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4 reasons why the current slowdown will continue

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  • China has yet to experience an economic rebound like before the pandemic, and this will likely remain true in 2024.
  • The Conference Board projects that GDP growth will slow to 4.1% in 2024, compared to an estimated 5.2% in 2023.
  • Economists have outlined four reasons why China’s economy will continue to struggle next year.

China’s economy has yet to fully rebound from the strict lockdowns imposed by the pandemic. And according to the Conference Board’s China Center for Economics and Business, the struggle for growth will continue until 2024.

What looked like a demand-fueled rebound in the first quarter of 2023 then collapsed as debt-laden real estate giants like Evergrande and Country Garden struggled, aging populations and soaring youth unemployment took a toll. weakened the labor market and the country fell into deflation.

Slowing domestic and foreign demand for Chinese goods, a deteriorating labor market and eroding corporate profits, partly due to low inflation, also weighed on second-quarter growth. GDP expansion stood at 0.5% on a quarterly basis, compared to 2.3%.

Then, in the third quarter, growth offered another false impression by increasing. And although the Trust Council expects this upward trend to persist until the end of the year, it believes it is not sustainable and risks giving way to a further slowdown in 2024.

The Trust Council projects GDP growth of 4.1% for the full year, down from the 5.2% currently estimated for 2023. Here are four key reasons why they see China facing below-trend growth in 2024 that could continue for years.

1. Pent-up demand will decrease

Although China saw a considerable increase in consumption in the third quarter, this was due to pent-up demand, which the Conference Board expects to decline in the coming months.

“Confidence remains low and there are currently no observable developments that could lead to a change in sentiment,” the economists wrote in a report shared with Business Insider.

They say consumption has not yet recovered sustainably and Chinese citizens remain concerned about their financial security and the job market, as well as Beijing’s policies that discourage spending and encourage precautionary saving.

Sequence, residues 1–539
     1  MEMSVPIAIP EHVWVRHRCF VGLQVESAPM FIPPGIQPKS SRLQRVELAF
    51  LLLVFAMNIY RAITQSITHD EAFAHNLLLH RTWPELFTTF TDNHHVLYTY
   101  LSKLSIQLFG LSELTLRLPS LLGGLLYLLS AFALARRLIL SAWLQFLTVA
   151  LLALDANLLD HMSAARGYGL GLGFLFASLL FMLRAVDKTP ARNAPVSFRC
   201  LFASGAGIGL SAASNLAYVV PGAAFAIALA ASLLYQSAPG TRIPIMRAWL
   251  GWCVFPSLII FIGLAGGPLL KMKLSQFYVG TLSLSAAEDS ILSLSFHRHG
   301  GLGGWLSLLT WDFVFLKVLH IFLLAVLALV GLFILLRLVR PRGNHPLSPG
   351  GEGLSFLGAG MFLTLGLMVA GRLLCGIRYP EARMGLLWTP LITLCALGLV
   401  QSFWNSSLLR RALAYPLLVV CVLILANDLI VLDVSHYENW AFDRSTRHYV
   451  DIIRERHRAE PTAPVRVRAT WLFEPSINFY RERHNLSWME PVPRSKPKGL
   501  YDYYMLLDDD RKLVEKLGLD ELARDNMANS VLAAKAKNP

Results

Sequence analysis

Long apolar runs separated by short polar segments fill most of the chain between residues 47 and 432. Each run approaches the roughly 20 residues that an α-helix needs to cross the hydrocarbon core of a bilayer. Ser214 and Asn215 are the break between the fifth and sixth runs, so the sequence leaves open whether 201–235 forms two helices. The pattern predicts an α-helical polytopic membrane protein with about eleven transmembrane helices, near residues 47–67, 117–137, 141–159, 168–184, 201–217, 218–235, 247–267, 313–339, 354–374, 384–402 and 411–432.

2. The real estate crisis is not going to disappear

Major Chinese real estate developers have defaulted or declared bankruptcy this year, and authorities’ attempts to stabilize the real estate sector have had no significant impact.

“The slowdown is structural and likely permanent,” the Conference Board said. “Chinese households have lost confidence in real estate as a channel for wealth accumulation. It is difficult to predict when the sector will stabilize; but when it does, it will not again become as important an engine of growth as in previous decades. “

Economists say the real estate sector has not yet reached its low point and Beijing will struggle to revitalize demand.

3. Foreign demand for Chinese products is about to slow

A global economic slowdown, caused by recessions in the United States and Europe, is bad news for China.

Demand for China’s manufacturing exports will continue to moderate amid a global slowdown in the new year, the Conference Board said.

“China will not be able to export to escape the global demand problem caused by the slowdown in real estate,” note the economists.

4. Beijing cannot implement major stimulus measures, only incremental ones

With China’s economy facing deep-rooted structural problems, any reform or massive stimulus package opens the door to disaster, according to the Conference Board.

There is some room to stimulate credit growth and investment, but the greater the intervention, the greater the chance of triggering more economic inefficiencies and speculative investment.

“So far, the government has refrained from implementing a large-scale recovery plan,” the economists said. “Yet in recent months, the government has stepped up monetary and fiscal measures to boost “targeted” investments, particularly in flood recovery and disaster prevention infrastructure. As a result, even if the strong recovery observed in the third quarter of 2023 will dissipate, growth in 2024 is expected to remain stable. »

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